Tag Archives: #thriller

Time to load your e-reader for the holidays

Summer has well and truly arrived here in Melbourne and with the festive season done and dusted it’s time to load your e-reader full of books to enjoy while spending your days on the beach, in a hammock or beside the pool. 

We rounded up the top selling books of the year in December (you can have a read of that blog post here ) and you can find the eBook versions of them on Booko, too, by clicking eBook in the drop down menu of your search. 

We are a household that uses both Kindles and Kobos to read books on the go. We have Kobos for our children as they allow them to read their library books in an electronic version (via the amazing libby app). We love this functionality as it allows them to bring their library books on holiday without the fear of ever losing one! 

Here are our top downloads for you to enjoy. Let us know what you’re spending your summer reading in the comments below. 

Good Girl, Bad Girl by Michael Robotham

Six years ago, Evie Cormac was discovered, filthy and half-starved, hiding in a secret room in the aftermath of a shocking crime. Now approaching adulthood, Evie is damaged, self-destructive and has never revealed her true identity.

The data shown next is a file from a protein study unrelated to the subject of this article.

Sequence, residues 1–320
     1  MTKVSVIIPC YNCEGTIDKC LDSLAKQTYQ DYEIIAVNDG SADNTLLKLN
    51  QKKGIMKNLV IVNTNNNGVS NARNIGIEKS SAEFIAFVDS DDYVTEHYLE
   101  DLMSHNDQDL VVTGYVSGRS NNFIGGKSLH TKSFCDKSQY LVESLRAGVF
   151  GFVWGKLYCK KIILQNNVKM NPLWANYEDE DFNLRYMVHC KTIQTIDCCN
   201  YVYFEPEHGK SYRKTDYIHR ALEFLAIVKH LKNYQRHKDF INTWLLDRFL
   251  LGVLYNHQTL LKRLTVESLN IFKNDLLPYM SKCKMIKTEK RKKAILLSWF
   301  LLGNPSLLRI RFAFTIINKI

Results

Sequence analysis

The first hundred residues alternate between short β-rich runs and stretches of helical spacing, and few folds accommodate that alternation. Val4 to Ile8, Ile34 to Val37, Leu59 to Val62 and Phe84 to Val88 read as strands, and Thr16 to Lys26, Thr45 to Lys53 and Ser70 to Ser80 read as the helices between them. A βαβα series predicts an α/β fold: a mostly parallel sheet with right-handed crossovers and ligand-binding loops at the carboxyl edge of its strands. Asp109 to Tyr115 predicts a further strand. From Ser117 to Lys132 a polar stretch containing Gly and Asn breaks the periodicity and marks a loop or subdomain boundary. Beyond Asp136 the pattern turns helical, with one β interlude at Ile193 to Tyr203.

Forensic psychologist Cyrus Haven, a man haunted by his own past, is investigating the death of champion figure-skater Jodie Sheehan. When Cyrus is called upon to assess Evie, she threatens to disrupt the case and destroy his ordered life. Because Evie has a unique and dangerous gift – she knows when someone is lying. And nobody is telling the truth.

Cilka’s Journey by Heather Morris

Based on the heart-breaking true story of Cilka Klein, Cilka’s Journey is the sequel to the internationally No.1 bestselling phenomenon, The Tattooist of Auschwitz. In 1942 Cilka Klein is just sixteen years old when she is taken to Auschwitz-Birkenau Concentration Camp. The Commandant at Birkenau, Schwarzhuber, notices her long beautiful hair, and forces her separation from the other women prisoners. Cilka learns quickly that power, even unwillingly given, equals survival.